You are simply wrong here. In GR, all observers agree C is the inertial observer and A and B are the non-inertial observers. ('Accelerating', on the other hand, has very little relevance in GR if it is referring to coordinate acceleration, as you are; proper acceleration, computed in any coordinates, by any observer, says A and B are accelerating and C is not accelerting). On this, there is no 'relativity'. What is describe here is not an illusion at all, but the essence of relativity (note that C sees the distance between A and B shrinking over time; not sure you got that). The point (initially by Dr. Greg) is that the how much of an effect is related to gravity or SR effects is observer dependent. This is fundamental in GR, not an illusion to be ignored. And, in particular, for C, difference between A and B would be primarily the same effect as the SR bell spaceship 'paradox'.
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 Quote by Bjarne Right Now we assume the meter stick always is comparable the exact same for both A and B. Observer A and B will now in a certain period measure a photon traveling a certain distance (300,000 km). Both observers agrees that this is what really happen. Based on this observer A would say that the speed of light is exactly 300,000 km in one (of his) second. But observer B would say OK I agree the distance the photon was travelling is 300,000 km ... BUT I do not agree it took one second, - my clock shows it only took ½ second, so here the speed of light is 600,00km/s Do you prefer that solution? Hmmm… So what we do next?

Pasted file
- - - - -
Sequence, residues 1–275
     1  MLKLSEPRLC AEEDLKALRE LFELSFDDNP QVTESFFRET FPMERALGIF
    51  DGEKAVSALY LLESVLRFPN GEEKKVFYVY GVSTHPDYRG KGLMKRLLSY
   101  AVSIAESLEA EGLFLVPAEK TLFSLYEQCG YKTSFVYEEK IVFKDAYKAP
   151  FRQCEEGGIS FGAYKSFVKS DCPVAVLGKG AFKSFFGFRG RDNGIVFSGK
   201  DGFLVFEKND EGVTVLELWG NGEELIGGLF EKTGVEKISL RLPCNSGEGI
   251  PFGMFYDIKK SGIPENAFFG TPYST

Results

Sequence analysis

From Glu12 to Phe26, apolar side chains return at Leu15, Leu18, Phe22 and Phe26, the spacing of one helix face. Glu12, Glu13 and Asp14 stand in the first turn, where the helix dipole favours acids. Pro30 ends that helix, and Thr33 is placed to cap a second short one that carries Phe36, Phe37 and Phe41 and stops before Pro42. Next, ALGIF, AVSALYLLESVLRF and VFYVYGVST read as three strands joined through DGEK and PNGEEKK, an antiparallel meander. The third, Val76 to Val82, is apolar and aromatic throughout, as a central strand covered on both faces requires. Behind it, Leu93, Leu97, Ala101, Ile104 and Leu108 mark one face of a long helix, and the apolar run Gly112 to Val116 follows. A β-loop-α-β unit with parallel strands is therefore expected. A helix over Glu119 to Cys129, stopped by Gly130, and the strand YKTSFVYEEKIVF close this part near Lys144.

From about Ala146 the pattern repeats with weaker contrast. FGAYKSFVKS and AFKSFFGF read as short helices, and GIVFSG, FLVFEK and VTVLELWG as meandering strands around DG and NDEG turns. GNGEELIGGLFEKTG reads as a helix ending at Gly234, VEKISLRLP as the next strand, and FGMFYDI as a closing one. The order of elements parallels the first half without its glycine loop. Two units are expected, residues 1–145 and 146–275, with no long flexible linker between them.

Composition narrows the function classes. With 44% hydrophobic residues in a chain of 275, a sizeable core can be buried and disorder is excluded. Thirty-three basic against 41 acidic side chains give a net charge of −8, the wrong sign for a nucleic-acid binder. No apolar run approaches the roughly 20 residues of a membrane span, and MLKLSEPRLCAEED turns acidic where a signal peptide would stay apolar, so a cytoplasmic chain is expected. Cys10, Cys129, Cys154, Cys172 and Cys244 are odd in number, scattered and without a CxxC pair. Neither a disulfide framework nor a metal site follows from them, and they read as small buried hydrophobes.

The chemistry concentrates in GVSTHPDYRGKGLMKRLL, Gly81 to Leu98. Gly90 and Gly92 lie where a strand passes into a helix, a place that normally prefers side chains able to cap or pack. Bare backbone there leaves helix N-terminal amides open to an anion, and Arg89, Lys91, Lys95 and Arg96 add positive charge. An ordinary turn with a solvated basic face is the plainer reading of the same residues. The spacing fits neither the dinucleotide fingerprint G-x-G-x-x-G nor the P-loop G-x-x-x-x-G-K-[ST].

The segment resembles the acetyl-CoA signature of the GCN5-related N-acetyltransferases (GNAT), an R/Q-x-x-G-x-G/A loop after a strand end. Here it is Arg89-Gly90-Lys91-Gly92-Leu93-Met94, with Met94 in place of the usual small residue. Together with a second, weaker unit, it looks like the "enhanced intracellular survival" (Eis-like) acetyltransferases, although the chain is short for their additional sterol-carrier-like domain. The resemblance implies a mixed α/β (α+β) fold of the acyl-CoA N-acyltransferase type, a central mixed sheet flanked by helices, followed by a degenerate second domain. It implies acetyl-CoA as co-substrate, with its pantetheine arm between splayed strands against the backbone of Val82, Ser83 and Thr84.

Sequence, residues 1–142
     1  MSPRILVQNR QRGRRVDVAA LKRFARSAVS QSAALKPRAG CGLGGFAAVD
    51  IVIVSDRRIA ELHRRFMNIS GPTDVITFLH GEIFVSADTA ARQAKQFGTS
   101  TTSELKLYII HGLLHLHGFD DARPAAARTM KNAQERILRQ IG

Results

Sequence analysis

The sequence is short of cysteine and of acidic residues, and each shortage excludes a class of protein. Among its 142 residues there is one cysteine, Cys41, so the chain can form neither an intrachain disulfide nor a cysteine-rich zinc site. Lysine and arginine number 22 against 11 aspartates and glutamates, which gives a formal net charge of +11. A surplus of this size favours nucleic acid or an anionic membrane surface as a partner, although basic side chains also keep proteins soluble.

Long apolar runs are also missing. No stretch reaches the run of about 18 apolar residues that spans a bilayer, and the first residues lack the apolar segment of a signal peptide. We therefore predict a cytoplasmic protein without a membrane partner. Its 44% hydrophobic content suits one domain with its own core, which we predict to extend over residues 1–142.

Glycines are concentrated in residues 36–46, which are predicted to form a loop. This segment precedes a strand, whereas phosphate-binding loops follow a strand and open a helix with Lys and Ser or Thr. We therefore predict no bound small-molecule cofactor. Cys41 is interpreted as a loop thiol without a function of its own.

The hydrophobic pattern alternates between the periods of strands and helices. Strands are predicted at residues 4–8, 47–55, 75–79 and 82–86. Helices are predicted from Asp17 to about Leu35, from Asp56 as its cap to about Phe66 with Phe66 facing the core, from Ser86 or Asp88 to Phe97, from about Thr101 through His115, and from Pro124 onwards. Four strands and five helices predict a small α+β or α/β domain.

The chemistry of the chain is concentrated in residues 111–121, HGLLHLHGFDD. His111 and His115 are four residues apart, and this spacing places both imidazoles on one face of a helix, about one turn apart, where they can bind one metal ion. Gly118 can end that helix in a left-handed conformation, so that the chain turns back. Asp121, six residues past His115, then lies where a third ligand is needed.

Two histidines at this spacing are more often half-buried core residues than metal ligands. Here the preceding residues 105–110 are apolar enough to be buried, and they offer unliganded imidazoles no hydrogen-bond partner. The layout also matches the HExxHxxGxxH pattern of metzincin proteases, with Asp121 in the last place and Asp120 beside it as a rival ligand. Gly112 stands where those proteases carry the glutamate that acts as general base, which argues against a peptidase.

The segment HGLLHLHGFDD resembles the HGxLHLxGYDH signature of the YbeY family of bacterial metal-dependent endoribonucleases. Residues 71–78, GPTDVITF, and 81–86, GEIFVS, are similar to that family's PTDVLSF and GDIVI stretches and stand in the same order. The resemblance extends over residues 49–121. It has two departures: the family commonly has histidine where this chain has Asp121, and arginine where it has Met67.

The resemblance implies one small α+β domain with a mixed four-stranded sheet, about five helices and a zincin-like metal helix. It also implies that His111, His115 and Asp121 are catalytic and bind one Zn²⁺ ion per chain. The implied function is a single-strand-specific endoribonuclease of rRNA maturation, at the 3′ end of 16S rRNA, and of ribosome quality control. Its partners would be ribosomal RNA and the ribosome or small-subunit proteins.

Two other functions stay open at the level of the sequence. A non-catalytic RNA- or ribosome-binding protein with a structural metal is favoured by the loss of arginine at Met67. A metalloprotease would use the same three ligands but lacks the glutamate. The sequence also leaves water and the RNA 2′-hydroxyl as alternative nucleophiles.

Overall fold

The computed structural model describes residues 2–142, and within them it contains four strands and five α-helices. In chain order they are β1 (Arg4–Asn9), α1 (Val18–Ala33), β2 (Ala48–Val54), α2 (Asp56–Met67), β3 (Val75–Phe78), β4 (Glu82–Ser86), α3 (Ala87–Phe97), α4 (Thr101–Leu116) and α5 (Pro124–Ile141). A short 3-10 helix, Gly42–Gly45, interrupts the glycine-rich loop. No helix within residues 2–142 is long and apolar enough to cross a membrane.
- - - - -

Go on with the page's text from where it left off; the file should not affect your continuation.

This is different from how Shapiro experiment was performed.
There is only one observer who is sending radar signals so that sometimes they are passing close to the Sun and sometimes far from the Sun. When you make a correction for time delay depending on signal's closest passing distance from the Sun you can consistently describe orbit of observed object (Venus).
In your case speed of light is always the same because proportion "m/s" does not change.

 Quote by Bjarne I have never heard about Shapiro time delay. If it really is certain and confirmed knowledge, and not something only at a test level, - yes we have a one more problem/challenge..
"The time delay effect was first noticed in 1964, by Irwin I. Shapiro. Shapiro proposed an observational test of his prediction: bounce radar beams off the surface of Venus and Mercury, and measure the round trip travel time. When the Earth, Sun, and Venus are most favorably aligned, Shapiro showed that the expected time delay, due to the presence of the Sun, of a radar signal traveling from the Earth to Venus and back, would be about 200 microseconds,[1] well within the limitations of 1960s era technology.